Joyce Cook, who – on the mandate of the FIFA President – has led the consultation throughout, presented its key findings to PACE members in London highlighting repeated calls for an independent entity that could be trusted by victims and whistleblowers whilst more local solutions were being developed.
Noting that national multi-stakeholder frameworks were expected to take at least 10-15 years to achieve globally, with the full report and its recommendations to be shared with the International Olympic Committee, she called on the sporting and political worlds to unite in tackling the multitude of problems currently being faced.
“This is something that sport cannot tackle alone, so ever more we need to work together. We need cooperation with justice authorities at national level to strengthen the legal environment. We need to work together with state law enforcement agencies.”
Responsible for creating the safeguarding and child protection department within FIFA, Cook called abuse “one of the most compelling threats to the integrity of sport with “evidence of perpetrators jumping from one region to another and from sport to sport” and stating “it’s not an option, not to act”.
Also speaking at the hearing alongside the representatives from FIFA were a number of other officials representing sporting bodies from around the world – including the UK’s Department for Culture, Media and Sport, the International Olympic Committee, the International Ice Hockey Federation, the Chair of the Governing Board of the Council of Europe’s Enlarged Partial Agreement on Sport and the Chair of ECPAT, a global NGO network working to end the sexual exploitation of children.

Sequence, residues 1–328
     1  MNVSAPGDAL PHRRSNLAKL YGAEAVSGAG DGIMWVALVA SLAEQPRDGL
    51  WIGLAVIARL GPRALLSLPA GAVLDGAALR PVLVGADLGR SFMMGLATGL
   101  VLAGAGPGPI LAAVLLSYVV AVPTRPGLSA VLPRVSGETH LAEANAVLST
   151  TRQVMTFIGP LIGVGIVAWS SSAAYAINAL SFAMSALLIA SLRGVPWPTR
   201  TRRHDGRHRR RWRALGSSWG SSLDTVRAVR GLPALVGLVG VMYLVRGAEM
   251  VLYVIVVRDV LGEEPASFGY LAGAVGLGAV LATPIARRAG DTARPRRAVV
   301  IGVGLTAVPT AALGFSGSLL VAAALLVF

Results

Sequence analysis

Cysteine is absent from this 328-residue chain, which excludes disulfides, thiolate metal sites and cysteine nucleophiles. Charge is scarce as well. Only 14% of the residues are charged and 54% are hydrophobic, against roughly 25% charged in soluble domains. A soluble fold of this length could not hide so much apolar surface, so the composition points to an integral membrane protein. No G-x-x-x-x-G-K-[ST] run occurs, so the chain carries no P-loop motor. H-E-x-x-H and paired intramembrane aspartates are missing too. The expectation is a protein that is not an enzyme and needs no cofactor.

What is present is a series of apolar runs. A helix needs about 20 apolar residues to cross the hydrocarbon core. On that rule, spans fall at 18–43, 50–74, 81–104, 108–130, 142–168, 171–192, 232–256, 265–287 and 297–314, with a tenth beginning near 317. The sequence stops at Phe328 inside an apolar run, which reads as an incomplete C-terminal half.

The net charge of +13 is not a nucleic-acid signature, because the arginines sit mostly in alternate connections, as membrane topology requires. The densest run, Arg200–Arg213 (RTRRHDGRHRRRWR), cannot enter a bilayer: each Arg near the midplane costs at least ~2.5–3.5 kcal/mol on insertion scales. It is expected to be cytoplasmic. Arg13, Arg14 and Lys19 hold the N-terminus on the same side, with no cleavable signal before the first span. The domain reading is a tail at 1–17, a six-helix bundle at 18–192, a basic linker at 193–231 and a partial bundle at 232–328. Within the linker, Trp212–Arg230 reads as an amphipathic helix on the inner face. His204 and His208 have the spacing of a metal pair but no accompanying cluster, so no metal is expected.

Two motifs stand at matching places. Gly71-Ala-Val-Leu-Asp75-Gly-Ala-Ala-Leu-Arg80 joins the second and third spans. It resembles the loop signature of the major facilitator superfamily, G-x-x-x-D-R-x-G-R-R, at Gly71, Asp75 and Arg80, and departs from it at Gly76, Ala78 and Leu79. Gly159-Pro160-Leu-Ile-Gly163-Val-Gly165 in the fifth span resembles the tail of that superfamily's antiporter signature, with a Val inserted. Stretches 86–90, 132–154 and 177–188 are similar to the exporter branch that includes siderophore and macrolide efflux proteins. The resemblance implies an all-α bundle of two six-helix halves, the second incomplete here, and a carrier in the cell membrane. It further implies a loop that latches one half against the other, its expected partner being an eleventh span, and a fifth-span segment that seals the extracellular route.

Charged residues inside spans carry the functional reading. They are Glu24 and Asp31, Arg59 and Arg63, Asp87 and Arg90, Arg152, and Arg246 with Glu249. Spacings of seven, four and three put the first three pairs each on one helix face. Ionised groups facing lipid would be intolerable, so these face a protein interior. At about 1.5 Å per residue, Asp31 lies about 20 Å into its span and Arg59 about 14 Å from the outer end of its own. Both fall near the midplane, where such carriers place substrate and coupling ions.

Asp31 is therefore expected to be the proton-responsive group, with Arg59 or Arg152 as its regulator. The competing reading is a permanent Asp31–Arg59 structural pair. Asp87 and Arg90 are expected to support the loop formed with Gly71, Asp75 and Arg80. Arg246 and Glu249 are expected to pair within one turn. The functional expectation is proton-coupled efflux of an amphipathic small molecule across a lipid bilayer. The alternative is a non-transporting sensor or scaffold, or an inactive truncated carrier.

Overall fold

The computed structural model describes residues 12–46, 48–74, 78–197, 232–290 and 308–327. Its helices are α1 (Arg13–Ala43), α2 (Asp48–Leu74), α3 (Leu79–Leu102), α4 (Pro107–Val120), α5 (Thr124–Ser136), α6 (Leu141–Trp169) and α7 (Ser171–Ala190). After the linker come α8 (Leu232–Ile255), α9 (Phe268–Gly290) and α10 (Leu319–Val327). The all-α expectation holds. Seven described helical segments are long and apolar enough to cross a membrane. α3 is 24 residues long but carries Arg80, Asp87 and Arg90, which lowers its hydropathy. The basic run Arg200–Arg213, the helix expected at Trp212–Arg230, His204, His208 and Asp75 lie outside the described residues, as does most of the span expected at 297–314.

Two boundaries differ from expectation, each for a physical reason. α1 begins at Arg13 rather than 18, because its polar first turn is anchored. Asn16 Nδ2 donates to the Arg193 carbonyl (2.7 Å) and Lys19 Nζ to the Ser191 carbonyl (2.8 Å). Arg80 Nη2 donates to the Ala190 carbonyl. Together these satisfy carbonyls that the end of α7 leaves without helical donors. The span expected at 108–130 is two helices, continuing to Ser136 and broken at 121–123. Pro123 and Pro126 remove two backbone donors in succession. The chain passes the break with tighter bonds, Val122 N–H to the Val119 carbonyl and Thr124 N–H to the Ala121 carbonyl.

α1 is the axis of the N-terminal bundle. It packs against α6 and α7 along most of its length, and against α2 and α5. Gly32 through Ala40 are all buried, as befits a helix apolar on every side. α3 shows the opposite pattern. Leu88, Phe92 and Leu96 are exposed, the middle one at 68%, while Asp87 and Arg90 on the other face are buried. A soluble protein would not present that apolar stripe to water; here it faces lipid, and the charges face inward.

Alongside officials, two high profile sportspeople also testified – Olivia Jasriel a former South African international tennis player with lived experience of abuse in sport, and founder of the Jasriel Foundation, a South African NGO focused on protecting athletes against child abuse – and Patrice Evra, former captain of France and Manchester United.
Mr Evra spoke passionately about his experiences as a survivor of abuse – and implored those gathered in Westminster to take what they had heard during the hearings back to their countries and constituencies – and to play their part in enacting tangible change at all levels, without delay.
He said: “I know a lot of institutions are doing a lot of movement. But we need to adapt. We have a world anti-doping code, we are trying to eradicate racism in sport. But what about protecting children? We have to start now, it’s an emergency. I want all the people in this room to go home and think about those kids tonight. We need to start now – we have to make this a real priority.”
He continued: “ In 24 hours we [the people and the media] shut down the Super League. Why don’t we have the same energy to protect children? I was a victim of abuse. I’m a survivor of abuse. I know it’s a sensitive subject, but I’m not asking for pity, I’m asking for change – and I am ready to play my part. This is more important to me than winning the Champions League.”